Wagga sale 17 Aug 2015: Prices reflect tightening supplies

Leann Dax, 18/08/2015

General rain across the supply area in the past four weeks has caused numbers to drop significantly, with only 2780 yarded at wagga yesterday, almost 700 less than the previous sale.

The high prices for well-bred secondary stock have motivated producers to offload unfinished yearling and weaner cattle onto the market. Price results this week were steady for secondary types and trade cattle, reflecting the tightening supplies in all centres.

There was higher demand for light weight secondary weaner steers and heifers, with restockers the market drivers. Young weaner steers 280-320kg returning to the paddock made from 310-344c lifting 15c/kg. There were a few more store orders in place for store heifers 280-320kg and they gained 27c, due to stronger demand from both feedlots and restockers to average 296.5c/kg.

Secondary steers suitable to feed-on sold to a small group of buyers with major feedlots attending but not operating. Medium weight steers 400-500kg were unchanged making from 314-343c to average 333.1c/kg.

Vealers were limited and prices were similar to last week’s rates with the better finished calves making from 330-349c/kg. Vealers which lacked finish 280-330kg sold to strong restocker and feedlot competition to average 324c/kg.

The reduced supply of well finished trade heifers pushed prices 4-6c higher. There were only a handful of lighter weight trade heifers that failed to break the 300c/kg mark. Medium weight heifers to slaughter met stronger competition from domestic and export buyers selling from 290c to 345c/kg.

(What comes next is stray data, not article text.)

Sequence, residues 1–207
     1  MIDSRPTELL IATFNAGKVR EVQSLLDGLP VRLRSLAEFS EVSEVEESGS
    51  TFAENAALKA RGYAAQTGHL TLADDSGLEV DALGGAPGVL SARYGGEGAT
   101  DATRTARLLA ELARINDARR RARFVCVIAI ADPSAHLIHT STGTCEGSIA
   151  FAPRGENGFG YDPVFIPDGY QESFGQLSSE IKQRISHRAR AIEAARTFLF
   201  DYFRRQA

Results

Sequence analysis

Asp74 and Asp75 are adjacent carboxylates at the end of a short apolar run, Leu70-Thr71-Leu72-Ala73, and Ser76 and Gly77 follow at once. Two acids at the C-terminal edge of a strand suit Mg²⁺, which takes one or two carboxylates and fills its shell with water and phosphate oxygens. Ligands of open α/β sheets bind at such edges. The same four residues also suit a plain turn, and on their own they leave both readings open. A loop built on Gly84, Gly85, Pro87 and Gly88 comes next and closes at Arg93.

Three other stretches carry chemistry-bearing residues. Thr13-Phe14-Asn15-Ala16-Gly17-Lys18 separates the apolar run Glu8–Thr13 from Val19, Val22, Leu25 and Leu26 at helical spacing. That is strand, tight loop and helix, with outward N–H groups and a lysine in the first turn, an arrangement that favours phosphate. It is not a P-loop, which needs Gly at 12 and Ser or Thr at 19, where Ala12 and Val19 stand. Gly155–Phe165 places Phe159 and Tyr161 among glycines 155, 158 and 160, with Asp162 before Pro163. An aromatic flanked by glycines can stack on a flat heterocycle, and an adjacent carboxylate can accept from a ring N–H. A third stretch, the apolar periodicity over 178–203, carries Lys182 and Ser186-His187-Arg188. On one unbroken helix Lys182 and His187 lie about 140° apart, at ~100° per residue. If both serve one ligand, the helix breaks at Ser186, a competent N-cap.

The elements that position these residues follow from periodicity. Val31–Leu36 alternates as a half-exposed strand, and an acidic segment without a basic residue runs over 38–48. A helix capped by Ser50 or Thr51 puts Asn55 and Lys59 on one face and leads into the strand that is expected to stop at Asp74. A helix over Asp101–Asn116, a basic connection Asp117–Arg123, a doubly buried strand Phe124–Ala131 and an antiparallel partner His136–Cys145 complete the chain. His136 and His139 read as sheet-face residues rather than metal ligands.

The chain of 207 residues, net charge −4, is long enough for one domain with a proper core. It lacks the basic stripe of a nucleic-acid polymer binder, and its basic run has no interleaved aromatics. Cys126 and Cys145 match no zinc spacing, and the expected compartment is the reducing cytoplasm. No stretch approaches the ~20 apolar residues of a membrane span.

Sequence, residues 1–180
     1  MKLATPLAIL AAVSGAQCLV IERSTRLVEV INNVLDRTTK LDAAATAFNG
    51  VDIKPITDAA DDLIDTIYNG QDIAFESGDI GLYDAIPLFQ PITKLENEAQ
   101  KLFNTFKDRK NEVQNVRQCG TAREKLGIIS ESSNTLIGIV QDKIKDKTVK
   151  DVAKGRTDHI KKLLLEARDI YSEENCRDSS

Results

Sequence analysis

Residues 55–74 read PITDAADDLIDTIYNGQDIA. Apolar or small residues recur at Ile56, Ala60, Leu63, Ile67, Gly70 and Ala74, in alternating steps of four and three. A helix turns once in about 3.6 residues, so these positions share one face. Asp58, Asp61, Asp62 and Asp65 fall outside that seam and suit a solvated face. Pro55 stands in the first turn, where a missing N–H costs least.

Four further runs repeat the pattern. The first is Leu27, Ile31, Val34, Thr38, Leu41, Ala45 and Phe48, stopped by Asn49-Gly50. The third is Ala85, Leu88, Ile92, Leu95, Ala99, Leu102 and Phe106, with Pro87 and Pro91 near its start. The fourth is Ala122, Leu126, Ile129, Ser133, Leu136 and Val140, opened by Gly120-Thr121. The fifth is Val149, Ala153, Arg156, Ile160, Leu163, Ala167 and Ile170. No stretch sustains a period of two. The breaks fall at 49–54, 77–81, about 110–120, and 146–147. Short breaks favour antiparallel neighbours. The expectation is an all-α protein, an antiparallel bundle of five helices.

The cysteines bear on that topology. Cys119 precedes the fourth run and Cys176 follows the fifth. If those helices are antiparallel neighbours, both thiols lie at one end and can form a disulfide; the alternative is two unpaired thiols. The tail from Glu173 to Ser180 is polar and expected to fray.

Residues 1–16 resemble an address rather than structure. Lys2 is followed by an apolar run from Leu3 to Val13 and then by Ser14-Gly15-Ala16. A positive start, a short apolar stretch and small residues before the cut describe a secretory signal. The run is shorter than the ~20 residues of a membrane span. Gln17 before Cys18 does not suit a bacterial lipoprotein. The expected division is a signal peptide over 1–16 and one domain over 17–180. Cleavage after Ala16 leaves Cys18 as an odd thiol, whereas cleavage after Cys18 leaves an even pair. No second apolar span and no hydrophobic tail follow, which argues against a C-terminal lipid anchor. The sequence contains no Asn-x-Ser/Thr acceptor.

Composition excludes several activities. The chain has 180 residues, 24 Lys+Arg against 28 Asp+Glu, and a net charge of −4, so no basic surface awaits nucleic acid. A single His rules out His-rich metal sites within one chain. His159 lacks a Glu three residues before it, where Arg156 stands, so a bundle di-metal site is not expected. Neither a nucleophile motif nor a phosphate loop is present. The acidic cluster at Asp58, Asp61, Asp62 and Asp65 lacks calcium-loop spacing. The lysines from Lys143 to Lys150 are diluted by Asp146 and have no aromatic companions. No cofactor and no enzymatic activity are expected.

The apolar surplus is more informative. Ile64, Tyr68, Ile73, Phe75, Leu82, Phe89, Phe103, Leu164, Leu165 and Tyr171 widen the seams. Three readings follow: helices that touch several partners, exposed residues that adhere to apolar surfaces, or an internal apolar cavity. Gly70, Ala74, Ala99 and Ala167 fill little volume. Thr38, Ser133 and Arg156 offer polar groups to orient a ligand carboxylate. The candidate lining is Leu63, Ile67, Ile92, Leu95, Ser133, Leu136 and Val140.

The pressure of tightening trade supplies and steady feedlot competition saw medium weight trade steers unchanged. There were several sales throughout the market where prices rose slightly above 350c/kg. Crop finished and supplementary fed medium weight steers sold from 337-352.6c/kg.

Both export and domestic buyer competition waned, which resulted in a cheaper trend of 6- 7c/kg. Heavy grown steers reached a top price of 361.6c to average 337c/kg. Heavy bullocks made from 314c-326c/kg.

The high point of the export market was heavy grown heifers which reached a top price of 346c/kg for a pen of heifers weighing 507kg, other sales of better shaped younger heifers ranged from 300-340c, lifting 4c/kg.

The cow market lost traction, with sales erratic and, only three processors operating. Heavy cows sold 16c cheaper to average 267c/kg. Leaner grades were of plainer quality and prices were generally 7-12c/kg cheaper. The better covered lean cows made from 235-277c/kg. The bull market jumped 27c with heavy bulls selling from 300-313.2c/kg.


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